Skip to main content Back to Top


Preventable Adverse Events Decline When Pharmacist Joins General Medicine Rounds

Cheryl Thompson

Seventy-eight percent fewer preventable adverse drug events (ADEs) occurred among patients in a hospital’s general medicine unit when a pharmacist participated in weekday medical rounds, researchers recently reported in the Archives of Internal Medicine.1

The findings from the three-month study at Henry Ford Hospital in Detroit, Michigan, build on the landmark results reported in 1999 by Lucian L. Leape and colleagues,2 who studied a pharmacist’s participation on medical rounds in an intensive care unit (ICU) at Massachusetts General Hospital in Boston. Partial funding for the Boston study came from the ASHP Research and Education Foundation.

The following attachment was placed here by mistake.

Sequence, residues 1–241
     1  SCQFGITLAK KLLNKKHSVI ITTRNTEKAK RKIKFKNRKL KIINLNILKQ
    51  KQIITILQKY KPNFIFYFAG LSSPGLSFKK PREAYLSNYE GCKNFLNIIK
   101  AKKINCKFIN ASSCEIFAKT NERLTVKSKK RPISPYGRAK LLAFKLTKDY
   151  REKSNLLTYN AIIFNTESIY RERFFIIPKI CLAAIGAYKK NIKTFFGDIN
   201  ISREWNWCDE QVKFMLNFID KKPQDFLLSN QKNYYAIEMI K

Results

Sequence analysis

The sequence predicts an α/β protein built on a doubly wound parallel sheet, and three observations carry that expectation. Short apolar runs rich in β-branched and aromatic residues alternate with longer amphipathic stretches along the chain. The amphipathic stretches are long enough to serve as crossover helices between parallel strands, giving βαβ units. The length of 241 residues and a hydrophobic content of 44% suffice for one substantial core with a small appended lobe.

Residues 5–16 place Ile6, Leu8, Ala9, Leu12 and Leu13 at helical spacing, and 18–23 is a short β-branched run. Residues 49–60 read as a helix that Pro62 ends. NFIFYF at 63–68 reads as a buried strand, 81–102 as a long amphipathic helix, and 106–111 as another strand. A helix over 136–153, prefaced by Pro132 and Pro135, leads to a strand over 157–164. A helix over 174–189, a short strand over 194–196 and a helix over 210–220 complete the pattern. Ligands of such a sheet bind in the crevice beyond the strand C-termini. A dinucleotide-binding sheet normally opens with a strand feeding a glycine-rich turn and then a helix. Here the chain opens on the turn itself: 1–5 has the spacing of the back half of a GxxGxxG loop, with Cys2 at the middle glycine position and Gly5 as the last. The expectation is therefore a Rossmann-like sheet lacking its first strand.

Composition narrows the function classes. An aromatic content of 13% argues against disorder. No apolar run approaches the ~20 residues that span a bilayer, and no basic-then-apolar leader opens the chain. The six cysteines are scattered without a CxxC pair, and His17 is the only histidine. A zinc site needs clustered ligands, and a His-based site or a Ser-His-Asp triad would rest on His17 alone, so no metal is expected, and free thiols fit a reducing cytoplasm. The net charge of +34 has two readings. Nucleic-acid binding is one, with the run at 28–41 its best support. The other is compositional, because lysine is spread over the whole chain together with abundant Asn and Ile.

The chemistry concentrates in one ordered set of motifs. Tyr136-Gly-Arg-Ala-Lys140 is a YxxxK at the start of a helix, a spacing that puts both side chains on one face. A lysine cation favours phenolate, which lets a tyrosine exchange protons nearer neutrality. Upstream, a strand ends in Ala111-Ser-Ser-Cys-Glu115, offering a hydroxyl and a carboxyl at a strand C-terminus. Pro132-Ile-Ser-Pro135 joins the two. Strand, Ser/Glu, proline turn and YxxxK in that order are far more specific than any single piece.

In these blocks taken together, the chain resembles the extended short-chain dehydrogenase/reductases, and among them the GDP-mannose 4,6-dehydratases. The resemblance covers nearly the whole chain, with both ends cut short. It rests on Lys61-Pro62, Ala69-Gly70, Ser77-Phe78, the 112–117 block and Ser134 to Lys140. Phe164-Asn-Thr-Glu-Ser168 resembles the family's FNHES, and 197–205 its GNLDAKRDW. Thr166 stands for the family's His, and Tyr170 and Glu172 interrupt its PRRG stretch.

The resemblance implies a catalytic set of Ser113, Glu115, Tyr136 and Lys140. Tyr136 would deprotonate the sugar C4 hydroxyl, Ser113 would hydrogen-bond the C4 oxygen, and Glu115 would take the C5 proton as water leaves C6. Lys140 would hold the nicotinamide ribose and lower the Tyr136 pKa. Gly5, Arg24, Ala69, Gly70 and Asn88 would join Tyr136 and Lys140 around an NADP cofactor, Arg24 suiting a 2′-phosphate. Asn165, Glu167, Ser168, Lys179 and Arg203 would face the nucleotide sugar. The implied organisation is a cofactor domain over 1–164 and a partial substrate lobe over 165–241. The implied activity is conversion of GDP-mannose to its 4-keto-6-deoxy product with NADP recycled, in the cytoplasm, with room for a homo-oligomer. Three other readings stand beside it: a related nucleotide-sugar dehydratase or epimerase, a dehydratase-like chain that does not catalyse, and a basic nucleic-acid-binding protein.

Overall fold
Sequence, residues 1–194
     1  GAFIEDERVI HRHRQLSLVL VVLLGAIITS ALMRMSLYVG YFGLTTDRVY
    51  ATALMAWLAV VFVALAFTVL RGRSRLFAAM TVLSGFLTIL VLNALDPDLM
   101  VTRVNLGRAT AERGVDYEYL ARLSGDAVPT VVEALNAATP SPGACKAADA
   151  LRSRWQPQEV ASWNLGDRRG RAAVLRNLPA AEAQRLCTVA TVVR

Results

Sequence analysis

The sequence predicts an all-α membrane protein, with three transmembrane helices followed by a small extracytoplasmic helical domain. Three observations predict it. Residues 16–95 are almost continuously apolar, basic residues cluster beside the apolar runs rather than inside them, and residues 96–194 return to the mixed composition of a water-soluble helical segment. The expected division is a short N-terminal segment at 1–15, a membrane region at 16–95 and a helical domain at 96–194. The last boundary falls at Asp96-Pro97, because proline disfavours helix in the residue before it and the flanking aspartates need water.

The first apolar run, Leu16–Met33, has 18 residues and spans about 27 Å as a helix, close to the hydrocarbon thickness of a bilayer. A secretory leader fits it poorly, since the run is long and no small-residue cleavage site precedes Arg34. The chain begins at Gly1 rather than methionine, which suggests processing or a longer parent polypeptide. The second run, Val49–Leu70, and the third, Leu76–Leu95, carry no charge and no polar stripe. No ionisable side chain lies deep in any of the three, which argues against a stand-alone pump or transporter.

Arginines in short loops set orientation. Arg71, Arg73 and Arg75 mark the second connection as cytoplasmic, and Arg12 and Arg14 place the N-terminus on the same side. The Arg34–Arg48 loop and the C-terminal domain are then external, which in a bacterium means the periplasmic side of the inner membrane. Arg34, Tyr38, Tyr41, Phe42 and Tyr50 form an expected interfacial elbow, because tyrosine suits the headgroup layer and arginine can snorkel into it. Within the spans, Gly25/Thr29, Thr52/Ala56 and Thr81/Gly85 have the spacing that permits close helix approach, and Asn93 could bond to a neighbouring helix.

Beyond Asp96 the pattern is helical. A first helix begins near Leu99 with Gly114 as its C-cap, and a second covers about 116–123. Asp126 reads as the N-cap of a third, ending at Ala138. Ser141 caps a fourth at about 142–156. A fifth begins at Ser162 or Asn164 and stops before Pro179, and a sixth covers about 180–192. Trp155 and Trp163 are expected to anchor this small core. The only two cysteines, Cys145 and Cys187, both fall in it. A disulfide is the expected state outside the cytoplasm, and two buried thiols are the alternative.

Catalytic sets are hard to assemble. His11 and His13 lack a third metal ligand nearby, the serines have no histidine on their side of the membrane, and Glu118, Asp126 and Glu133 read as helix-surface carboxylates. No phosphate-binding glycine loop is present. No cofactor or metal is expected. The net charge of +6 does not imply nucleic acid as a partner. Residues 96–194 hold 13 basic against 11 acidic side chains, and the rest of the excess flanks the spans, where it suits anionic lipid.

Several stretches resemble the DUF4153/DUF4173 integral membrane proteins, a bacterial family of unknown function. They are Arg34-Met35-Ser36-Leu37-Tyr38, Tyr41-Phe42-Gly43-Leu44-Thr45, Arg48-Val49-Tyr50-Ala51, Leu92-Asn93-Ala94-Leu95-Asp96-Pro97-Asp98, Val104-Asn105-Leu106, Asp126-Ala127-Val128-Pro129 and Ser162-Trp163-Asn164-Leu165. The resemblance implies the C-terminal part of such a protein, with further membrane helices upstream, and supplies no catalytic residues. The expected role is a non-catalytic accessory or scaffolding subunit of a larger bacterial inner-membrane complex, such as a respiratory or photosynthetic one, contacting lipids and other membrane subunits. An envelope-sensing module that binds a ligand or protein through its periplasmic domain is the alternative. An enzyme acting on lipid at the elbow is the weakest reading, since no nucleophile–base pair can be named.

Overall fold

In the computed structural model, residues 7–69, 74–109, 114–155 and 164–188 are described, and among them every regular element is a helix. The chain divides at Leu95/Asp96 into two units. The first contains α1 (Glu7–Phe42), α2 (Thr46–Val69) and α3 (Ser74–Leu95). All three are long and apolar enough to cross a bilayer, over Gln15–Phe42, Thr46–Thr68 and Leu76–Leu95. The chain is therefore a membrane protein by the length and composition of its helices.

That earlier study, conducted in phases from 1993 through 1995, found that the rate of ADEs caused by prescribing errors decreased by 72% when a pharmacist made rounds with the patient care team, spent the rest of the morning in the ICU, and was on call for the unit’s staff the rest of the day.

At Henry Ford, two preventable ADEs occurred among the 86 patients whose medical rounds team included a pharmacist who also documented pharmacotherapy history and provided discharge counseling. Nine preventable ADEs arose among a comparable group of 79 general medicine patients who received standard care, which included computer-aided reviews for basic drug interactions and duplication of therapy.

The researchers extrapolated these results to cover a uniform period and calculated that pharmacists’ participation in general medicine rounds led to 5.7 preventable ADEs per 1000 hospital days—20.8 fewer events than on the unit with standard care.